What Is ‘Gas Station Heroin’? Opioid-Like Drug Facing State Bans Is Unapproved By FDA
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Kentucky Gov. Andy Beshear (D) signed an emergency regulation Thursday banning all products containing tianeptine, citing a warning by the U.S. Food and Drug Administration that the opioid-like drug—referred to as “gas station heroin”—has been linked to overdoses, addiction and death over the last two decades.
Tianeptine, an antidepressant typically used to treat depression, anxiety or asthma, is now a Schedule I controlled substance in Kentucky, according to an announcement Thursday by Beshear, who said the drug was previously available in dietary supplements online, over the counter in convenience stores and in gas stations throughout the state.
The drug—banned in Alabama, Michigan, Mississippi, Tennessee, Georgia, Indiana and Ohio—is unapproved and unregulated by the FDA, the agency noted, though other countries in Europe, Asia and Latin America have approved tianeptine to treat depression and anxiety.
Some studies have indicated the drug can be used to treat depression and symptoms of anxiety if prescribed properly—though its effects mimic other antidepressants and anti-anxiety medicines if used in excess, including agitation, high blood pressure, coma or death.
The clinical effects of tianeptine abuse and withdrawal can also mimic opioid toxicity and withdrawal, according to the Centers for Disease Control and Prevention, which added the drug has the potential to be abused by former opiate drug users.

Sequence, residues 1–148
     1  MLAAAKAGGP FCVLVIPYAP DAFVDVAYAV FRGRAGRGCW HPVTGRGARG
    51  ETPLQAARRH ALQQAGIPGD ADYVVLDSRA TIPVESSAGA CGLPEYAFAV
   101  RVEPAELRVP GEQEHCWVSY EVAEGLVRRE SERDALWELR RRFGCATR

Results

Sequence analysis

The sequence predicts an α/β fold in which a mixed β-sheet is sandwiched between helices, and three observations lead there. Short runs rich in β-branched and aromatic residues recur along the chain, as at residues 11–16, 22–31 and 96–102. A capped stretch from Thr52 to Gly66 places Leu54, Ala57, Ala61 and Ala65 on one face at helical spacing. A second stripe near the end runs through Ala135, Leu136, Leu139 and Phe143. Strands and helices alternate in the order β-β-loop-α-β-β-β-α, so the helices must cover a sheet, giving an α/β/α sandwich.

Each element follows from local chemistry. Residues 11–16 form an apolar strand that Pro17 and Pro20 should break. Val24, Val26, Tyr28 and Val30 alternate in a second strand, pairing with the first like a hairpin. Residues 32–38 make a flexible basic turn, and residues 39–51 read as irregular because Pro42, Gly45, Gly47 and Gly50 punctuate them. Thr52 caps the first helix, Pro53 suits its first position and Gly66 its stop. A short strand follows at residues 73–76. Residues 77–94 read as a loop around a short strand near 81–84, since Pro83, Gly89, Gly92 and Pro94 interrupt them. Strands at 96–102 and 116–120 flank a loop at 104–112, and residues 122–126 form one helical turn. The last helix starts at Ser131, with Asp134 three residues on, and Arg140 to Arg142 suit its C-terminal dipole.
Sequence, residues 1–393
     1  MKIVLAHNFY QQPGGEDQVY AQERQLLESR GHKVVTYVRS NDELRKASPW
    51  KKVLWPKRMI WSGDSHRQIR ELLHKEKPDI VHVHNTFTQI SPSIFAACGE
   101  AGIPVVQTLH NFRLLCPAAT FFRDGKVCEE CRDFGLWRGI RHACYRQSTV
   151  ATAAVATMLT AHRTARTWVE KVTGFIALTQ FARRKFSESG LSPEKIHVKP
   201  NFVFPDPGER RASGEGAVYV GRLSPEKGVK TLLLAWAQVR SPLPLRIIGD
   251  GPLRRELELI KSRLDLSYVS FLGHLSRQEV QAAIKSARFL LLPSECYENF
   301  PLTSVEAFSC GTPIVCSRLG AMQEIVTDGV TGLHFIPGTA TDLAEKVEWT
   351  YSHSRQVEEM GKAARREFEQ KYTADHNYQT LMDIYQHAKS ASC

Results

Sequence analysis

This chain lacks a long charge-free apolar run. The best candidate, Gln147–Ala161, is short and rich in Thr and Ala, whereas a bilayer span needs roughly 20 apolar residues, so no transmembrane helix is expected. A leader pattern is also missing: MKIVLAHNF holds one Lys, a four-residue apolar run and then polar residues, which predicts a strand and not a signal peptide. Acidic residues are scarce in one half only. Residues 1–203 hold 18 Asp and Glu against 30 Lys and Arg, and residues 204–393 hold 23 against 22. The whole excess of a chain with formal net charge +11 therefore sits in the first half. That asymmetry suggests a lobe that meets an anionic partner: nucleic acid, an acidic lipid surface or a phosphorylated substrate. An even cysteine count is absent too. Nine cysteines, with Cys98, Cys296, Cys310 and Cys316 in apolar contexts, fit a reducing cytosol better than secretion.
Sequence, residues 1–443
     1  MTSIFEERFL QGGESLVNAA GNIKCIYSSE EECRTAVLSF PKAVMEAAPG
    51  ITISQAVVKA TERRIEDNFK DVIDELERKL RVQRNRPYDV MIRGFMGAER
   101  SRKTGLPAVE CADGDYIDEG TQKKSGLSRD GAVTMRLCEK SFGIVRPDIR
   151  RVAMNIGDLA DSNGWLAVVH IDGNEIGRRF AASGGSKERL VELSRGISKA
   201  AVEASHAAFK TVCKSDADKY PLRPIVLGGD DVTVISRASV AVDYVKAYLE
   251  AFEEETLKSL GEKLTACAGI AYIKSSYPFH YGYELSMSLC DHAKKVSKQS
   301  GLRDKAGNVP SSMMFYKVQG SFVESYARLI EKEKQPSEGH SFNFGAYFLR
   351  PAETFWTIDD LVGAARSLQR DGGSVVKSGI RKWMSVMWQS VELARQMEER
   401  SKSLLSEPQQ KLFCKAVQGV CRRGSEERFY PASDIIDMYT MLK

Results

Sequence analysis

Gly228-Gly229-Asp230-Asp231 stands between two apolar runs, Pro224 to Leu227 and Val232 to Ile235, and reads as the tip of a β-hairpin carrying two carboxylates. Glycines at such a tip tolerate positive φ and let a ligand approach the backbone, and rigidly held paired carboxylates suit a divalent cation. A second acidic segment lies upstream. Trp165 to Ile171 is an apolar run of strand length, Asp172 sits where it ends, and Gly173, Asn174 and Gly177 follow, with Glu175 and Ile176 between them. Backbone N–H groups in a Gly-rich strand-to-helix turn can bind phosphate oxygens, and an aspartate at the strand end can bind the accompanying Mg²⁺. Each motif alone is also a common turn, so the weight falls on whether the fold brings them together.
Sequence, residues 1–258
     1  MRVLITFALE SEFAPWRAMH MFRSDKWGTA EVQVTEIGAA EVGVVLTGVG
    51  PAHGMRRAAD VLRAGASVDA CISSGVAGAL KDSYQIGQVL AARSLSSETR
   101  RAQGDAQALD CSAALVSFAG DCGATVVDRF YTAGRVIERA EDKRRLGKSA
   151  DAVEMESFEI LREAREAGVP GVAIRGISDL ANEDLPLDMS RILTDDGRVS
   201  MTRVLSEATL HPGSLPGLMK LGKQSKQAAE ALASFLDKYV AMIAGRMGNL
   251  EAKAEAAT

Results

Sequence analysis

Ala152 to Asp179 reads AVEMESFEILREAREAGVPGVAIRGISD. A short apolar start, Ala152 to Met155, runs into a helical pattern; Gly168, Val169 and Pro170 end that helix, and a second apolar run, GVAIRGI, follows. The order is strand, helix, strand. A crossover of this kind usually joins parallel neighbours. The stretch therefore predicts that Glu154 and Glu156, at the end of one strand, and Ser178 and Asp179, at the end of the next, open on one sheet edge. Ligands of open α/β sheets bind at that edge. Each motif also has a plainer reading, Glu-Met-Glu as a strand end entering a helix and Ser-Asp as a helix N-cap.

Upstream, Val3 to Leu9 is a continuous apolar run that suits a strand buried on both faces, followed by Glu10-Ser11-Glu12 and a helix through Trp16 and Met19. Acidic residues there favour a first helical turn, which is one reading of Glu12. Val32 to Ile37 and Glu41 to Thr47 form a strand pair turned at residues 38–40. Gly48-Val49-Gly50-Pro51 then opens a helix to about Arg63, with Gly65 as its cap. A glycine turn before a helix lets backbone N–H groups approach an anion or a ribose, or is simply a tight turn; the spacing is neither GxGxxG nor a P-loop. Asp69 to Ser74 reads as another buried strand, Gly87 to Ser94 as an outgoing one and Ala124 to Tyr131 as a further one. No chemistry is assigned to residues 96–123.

Both the CDC and FDA do not indicate when the drug first became publicly available in the U.S., though the CDC said there were at least 218 calls to poison control centers between 2000 and 2017, while other reports suggest at least four people have died after using the drug during the same period.
The Drug Enforcement Administration reported in January that tianeptine—consumed in pills in a “salt” form—has been discovered by law enforcement in packages mimicking hydrocodone and oxycodone.
A 64-year-old man overdosed on tianeptine in Lowndes County, Mississippi, in January, after he was previously addicted to hydrocodone. Police said the man switched to tianeptine because of its accessibility at gas stations and convenience stores. Sheriff Eddie Hawkins emphasized his concern for the drug’s availability, adding “not only are we worried about some dealer selling our kids drugs, we are worried that our 15-year-old kid will get hooked on something he purchased in a convenience store.”
Mississippi State Rep. Lee Yancey (R) said tianeptine “was causing so many problems,” adding that state legislators “have letters from family members begging for us to get it off the shelves.”
80,411. That’s the number of overdose deaths involving any opioid in 2021, according to the National Institute on Drug Abuse. West Virginia has the highest death rate per 100,000 people in the U.S. at 81.4, followed by Kentucky (49.2) and Delaware (47.3).
The FDA first issued a warning on tianeptine in November 2018, noting the drug—sold by brands like Tianaa and ZaZa in gas stations across the U.S.—was improperly included in dietary supplements. The FDA said it was “aware of serious adverse events” associated with tianeptine, though because the drug was not labeled by a Schedule I substance—like heroin or marijuana—law enforcement cannot enforce a nationwide ban, though the FDA noted it was taking regulatory action to prevent its marketing. Some companies have been issued warning letters for selling the drug, the agency said, while it has also issued alerts to help stop shipments of the drug into the U.S. The most commonly reported health effects from using the drug include damaged neurological, cardiovascular and gastrointestinal systems.
‘Gas Station Heroin’ Acts Like An Opioid On The Body: Expert (The Hill)